The application process varies depending on the type of installment agreement.
A licensed tax relief professional can help you file, and there are several advantages to getting expert help. At Precision Tax Relief, our IRS back tax experts will determine the most suitable installment agreement for your financial situation. We will propose an affordable monthly payment plan, minimizing penalties and interest while satisfying the requirements of the IRS.
If you choose to apply yourself, you can use the IRS Online Payment Agreement (OPA), call the IRS, or mail in your forms.
Yes. When you enter a payment plan with the IRS, there are conditions attached. You must make the regular installment payments, file and pay current year taxes by the deadline. The IRS can terminate the agreement if you have not met these conditions.
Also, if your income increases, the IRS may request a new financial statement and higher monthly payments.
You will receive notice and an opportunity to appeal before the IRS terminates your installment agreement. If you receive notice, secure professional tax services.
An IRS review of an installment agreement is not unusual. The IRS is required to review certain installment agreements periodically. If you have a partial pay agreement, they may be seeking proof that you still qualify for these reduced payments.
Typically, you will have to submit new Collection Information Statement forms, updating the IRS on your financial situation. You may also need to renegotiate the terms of your installment agreement.
The notice from the IRS will included a deadline — typically 10 days. To gather current financial information and make the best possible case, you may need to request an extension from the IRS. While extensions are available, it is important to act right away when you receive notice, to avoid missing the deadline. Failing to respond to the notice could trigger a notice of intent to terminate your installment agreement.
You can request a short-term break in your monthly payments, if necessary. The IRS usually approves a one-month reprieve, which may be all you need to cover unexpected expenses or restore your income.
What if a month off isn’t enough? If you anticipate higher ongoing expenses or if your income has been indefinitely reduced, you may need to request a long-term reduction in payments or Currently not Collectible status.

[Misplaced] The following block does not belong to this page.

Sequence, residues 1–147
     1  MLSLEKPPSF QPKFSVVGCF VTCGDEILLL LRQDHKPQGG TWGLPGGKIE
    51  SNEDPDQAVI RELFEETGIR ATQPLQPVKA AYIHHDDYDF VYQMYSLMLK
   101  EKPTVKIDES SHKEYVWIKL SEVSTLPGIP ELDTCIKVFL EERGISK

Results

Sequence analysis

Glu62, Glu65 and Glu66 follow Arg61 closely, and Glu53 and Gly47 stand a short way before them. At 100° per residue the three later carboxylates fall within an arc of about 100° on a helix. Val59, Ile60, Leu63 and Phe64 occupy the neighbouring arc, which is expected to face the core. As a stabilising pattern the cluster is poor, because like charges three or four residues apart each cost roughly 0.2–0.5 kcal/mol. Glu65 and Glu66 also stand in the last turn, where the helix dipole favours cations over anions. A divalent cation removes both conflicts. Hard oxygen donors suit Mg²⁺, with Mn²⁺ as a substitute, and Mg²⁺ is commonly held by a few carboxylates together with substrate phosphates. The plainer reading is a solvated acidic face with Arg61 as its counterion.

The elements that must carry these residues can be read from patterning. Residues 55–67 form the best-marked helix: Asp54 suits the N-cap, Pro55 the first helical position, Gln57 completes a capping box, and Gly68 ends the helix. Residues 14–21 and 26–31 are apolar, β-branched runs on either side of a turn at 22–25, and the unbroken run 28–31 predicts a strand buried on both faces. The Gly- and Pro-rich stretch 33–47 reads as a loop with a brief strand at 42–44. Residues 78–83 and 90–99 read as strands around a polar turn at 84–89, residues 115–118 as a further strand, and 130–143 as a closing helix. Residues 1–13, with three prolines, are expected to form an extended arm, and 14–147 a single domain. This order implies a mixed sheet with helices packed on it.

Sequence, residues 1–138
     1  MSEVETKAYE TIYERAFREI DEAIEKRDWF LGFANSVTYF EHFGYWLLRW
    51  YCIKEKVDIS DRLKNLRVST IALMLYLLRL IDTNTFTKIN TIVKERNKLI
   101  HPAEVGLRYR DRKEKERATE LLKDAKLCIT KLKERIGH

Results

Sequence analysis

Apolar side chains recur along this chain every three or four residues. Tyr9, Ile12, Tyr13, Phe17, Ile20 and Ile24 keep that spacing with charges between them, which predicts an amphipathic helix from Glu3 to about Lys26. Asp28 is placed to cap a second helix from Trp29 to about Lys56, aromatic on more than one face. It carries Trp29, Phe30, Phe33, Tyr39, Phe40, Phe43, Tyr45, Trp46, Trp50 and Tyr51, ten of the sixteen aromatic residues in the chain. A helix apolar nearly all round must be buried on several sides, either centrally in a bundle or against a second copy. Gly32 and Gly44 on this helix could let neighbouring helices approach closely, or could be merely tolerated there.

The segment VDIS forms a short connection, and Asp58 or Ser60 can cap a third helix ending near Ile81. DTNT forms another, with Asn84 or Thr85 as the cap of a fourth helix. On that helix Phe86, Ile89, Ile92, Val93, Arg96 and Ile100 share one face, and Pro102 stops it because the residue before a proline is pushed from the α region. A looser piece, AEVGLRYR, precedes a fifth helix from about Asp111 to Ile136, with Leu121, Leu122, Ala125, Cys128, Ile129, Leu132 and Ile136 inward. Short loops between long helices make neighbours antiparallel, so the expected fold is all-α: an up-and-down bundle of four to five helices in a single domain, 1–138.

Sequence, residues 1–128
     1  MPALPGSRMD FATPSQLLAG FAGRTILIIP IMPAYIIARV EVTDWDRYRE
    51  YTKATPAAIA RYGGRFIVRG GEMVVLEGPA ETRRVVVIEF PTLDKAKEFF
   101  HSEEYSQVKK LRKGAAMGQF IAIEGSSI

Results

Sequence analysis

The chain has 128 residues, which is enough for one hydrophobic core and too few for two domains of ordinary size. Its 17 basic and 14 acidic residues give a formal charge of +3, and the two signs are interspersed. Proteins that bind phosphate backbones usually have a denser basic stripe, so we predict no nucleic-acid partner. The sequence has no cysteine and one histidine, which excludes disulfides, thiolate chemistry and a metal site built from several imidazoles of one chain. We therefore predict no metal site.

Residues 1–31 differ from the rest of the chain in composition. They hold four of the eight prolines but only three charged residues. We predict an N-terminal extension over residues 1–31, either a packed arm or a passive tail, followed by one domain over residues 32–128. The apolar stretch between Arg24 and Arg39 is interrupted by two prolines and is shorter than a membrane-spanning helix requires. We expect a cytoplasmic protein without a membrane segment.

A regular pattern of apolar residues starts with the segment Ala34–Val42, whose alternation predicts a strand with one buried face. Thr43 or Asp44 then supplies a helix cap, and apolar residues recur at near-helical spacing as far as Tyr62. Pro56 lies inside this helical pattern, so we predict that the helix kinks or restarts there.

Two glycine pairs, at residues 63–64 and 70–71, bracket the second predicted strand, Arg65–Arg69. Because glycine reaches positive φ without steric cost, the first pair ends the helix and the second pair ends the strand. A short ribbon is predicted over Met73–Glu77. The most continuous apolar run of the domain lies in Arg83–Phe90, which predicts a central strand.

You will be required to submit new collection information forms and the IRS will demand proof of the new expenses or changed income.
If you don’t request and secure an approved reprieve in payments, the IRS will send you notice of intent to terminate your agreement after one missed installment.
When you miss an installment agreement, it triggers a notice from the IRS. Failing to comply with tax filing requirements can also trigger this notice.
The notice is not an immediate cancellation of your agreement. It gives you 30 days to appeal and renegotiate the payment plan, after which the IRS can legally terminate the installment agreement. Act quickly to protect your installment agreement!
Yes, the IRS will keep your tax refund and automatically apply it against the taxes you owe. This is one of the conditions of an installment agreement.
The refund the IRS applies to your debt does not change your monthly payments. Continue to make these as per your agreement.
There is one exception: if your tax refund exceeds your total balance due on all outstanding liabilities, you will receive a refund of the amount over and above what you owe.
If you have a payment plan with the IRS, you are protected by law and it is IRS policy not to levy. However, mistakes do happen. Sometimes an automatic levy is triggered through an error in the system.
If this happens to you, call Precision Tax Relief for help or contact the IRS Office of the Taxpayer Advocate.
In some cases, yes.
If you are an individual with an installment agreement, you can request that the IRS withdraw a federal tax lien on a debt of $50,000 or less. Typically, you must pay the installments by direct debit and make a series of three payments before the IRS will comply.
The IRS can apply a federal tax lien if the debt balance is more than $50,000 or if you reject repayment by direct debit or payroll deduction installments on a back tax balance between $25,000 and $50,000.
If you need help negotiating the installment agreement and/or a withdrawal of the lien, we can help.